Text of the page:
In the summer of 1969, I was a 14-year-old Long Island girl. I had just finished eighth grade. I played softball, ran track and loved the Beatles, but had no interest whatsoever in baseball. But it was during that summer that I not only discovered the game and fell in love with the Mets, but connected with my dad in a way I had never thought possible.
It all began when Tom Seaver was pitching against the Chicago Cubs on July 9, 1969. My mom kept calling my dad, Joe Holtzman, to the dinner table in our four-bedroom Cape Cod house in Wantagh — and finally sent me into the living room to see what was keeping him. He was glued to the television and nervously explained to me that star pitcher Tom Seaver had given up no hits, no runs and no walks. Nobody from the Cubs had reached base in seven innings. It was a perfect game in the making, and there was no way he was getting up from his chair.
I took a seat, and as each out was recorded, our excitement grew — and my mom could get neither one of us away from the TV. (I did run into the kitchen during a commercial to explain why dinner just had to wait.)
Of course, with one out in the ninth inning, Cubs rookie Jimmy Qualls hit a single. It spoiled Seaver’s perfect game — but it was a perfect game for me. My love affair with baseball and the Mets was born that night. More important, I suddenly realized what it felt like to connect with my dad in a way we never had before.
From then on, we sat and talked strategy and rules, and his enthusiasm was contagious. As I reflect back, I realize that he must have enjoyed teaching me the game as much as I was just plain happy to have his attention. It could have been fishing, golf or chess, but it happened to be baseball.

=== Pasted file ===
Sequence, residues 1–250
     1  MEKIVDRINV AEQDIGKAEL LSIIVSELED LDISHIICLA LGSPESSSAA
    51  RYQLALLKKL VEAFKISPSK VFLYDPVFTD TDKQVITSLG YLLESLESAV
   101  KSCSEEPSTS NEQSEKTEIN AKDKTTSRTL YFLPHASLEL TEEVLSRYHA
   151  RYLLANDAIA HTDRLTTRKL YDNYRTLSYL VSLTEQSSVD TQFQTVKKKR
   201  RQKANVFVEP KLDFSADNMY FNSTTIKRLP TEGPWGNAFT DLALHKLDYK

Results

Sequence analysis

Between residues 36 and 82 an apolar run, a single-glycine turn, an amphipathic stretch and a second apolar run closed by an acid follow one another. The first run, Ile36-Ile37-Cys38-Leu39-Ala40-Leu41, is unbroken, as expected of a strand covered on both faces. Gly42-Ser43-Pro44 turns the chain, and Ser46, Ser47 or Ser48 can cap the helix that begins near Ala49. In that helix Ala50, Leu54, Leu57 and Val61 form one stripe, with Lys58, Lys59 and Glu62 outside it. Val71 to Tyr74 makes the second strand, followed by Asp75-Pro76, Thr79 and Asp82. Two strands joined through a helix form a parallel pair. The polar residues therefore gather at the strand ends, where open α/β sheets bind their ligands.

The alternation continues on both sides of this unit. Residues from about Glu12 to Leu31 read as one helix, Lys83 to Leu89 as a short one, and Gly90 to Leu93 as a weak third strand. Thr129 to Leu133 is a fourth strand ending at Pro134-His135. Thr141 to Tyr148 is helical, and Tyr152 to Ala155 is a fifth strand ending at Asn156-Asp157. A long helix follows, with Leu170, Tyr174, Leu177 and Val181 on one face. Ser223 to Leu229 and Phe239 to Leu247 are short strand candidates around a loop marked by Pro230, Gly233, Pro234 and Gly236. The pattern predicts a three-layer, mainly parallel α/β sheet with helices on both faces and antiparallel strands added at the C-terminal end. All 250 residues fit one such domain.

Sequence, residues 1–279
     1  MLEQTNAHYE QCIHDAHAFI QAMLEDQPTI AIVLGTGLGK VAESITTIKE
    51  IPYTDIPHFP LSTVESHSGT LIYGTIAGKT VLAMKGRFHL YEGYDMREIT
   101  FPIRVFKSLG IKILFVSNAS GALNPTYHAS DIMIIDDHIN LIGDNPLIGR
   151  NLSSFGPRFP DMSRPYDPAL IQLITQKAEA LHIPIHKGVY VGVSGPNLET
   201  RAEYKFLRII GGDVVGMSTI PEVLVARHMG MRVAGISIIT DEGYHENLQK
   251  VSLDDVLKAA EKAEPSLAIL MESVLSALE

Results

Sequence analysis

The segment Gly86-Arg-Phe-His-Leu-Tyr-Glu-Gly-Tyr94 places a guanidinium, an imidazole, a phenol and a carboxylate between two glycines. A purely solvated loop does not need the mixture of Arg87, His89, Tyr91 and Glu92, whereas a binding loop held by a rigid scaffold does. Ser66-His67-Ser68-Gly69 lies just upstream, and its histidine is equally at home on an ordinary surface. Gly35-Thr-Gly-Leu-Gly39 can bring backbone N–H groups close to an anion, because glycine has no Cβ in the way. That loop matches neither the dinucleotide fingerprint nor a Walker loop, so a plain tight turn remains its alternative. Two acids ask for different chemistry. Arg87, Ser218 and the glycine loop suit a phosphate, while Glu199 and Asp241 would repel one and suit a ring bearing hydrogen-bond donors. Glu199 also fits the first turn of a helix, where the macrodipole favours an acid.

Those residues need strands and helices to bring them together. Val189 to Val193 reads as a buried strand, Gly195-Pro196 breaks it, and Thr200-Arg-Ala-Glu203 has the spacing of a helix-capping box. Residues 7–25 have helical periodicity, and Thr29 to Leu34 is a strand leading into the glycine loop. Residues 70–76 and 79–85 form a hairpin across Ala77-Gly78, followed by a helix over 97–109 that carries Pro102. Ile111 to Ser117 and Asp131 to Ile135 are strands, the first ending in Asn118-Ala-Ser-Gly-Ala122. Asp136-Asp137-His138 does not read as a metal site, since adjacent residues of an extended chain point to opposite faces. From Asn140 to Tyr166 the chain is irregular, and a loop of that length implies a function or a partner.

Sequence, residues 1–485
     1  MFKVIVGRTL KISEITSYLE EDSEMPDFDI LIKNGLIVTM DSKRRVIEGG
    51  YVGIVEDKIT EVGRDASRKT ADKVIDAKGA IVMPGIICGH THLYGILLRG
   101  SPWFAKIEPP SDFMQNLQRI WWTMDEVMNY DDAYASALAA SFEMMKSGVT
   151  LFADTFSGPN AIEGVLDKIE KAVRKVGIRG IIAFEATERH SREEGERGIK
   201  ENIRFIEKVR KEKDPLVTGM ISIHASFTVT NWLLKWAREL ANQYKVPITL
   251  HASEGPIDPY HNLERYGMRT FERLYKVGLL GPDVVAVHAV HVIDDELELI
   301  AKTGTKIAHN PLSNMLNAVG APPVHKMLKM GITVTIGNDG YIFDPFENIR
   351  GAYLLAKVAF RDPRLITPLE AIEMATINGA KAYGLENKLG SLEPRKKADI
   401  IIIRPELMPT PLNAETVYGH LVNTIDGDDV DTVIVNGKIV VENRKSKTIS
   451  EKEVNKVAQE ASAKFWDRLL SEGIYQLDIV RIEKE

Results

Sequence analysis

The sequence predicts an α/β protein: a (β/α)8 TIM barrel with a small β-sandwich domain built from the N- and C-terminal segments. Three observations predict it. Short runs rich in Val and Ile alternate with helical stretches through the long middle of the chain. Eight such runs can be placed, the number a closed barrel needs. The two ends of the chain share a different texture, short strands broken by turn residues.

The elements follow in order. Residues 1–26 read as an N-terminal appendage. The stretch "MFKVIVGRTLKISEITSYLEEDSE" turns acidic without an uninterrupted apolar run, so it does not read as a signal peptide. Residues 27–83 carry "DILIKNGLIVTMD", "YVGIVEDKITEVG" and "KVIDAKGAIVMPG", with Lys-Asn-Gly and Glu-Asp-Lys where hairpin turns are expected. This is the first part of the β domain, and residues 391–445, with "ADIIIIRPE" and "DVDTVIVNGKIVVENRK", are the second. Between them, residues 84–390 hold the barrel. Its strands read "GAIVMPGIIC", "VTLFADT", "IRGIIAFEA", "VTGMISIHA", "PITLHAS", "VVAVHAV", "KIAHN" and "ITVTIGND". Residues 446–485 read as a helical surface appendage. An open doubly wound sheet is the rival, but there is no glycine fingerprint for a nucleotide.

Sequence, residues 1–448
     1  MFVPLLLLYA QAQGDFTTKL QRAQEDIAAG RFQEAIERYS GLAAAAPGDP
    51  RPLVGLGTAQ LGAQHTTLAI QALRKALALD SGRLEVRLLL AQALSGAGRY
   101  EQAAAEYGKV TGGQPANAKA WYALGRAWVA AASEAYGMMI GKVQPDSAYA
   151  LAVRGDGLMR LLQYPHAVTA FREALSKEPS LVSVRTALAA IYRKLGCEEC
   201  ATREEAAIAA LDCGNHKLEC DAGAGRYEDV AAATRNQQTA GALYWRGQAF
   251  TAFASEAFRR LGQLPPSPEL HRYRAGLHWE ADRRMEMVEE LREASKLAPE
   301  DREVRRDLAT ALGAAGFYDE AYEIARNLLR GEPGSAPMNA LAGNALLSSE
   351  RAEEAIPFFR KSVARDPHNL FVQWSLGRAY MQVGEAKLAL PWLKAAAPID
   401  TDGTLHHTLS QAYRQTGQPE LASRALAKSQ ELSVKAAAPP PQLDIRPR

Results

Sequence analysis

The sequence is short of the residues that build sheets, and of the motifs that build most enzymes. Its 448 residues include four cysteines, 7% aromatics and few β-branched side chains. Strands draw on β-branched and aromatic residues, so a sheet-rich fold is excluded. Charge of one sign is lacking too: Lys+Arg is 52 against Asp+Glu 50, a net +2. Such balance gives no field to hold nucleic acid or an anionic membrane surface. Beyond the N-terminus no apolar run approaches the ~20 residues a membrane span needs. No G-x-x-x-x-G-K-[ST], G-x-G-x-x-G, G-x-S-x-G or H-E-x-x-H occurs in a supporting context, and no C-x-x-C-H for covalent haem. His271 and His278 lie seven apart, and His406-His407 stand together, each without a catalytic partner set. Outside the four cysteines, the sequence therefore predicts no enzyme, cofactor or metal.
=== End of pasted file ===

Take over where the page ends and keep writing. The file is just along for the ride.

Joe Holtzman was a wonderful man, but he was a product of an era when affection wasn’t easily displayed. I was the middle child of seven, and time alone with him was rare. Baseball gave us something to share, discuss and enjoy together. Each morning from April to September, the first thing Dad and I would discuss was the Mets game from the night before. This was something no one else in the family could quite understand. A special relationship and closeness evolved that lasted almost 25 years.
My dad passed away in 1993, but I still love the game and the Mets — maybe because these were a gift my dad gave me, or maybe because they keep him alive in me. Either way, many times after a particularly good Mets game, I think about how he would have enjoyed it and, oh, the discussion we would have had!
When Citi Field opened in 2009, I purchased a commemorative brick in the walkway outside. It says, “Mets fan in heaven, Joe Holtzman.”
Reader Suzanne Wallace lives in Yardley, Pennsylvania.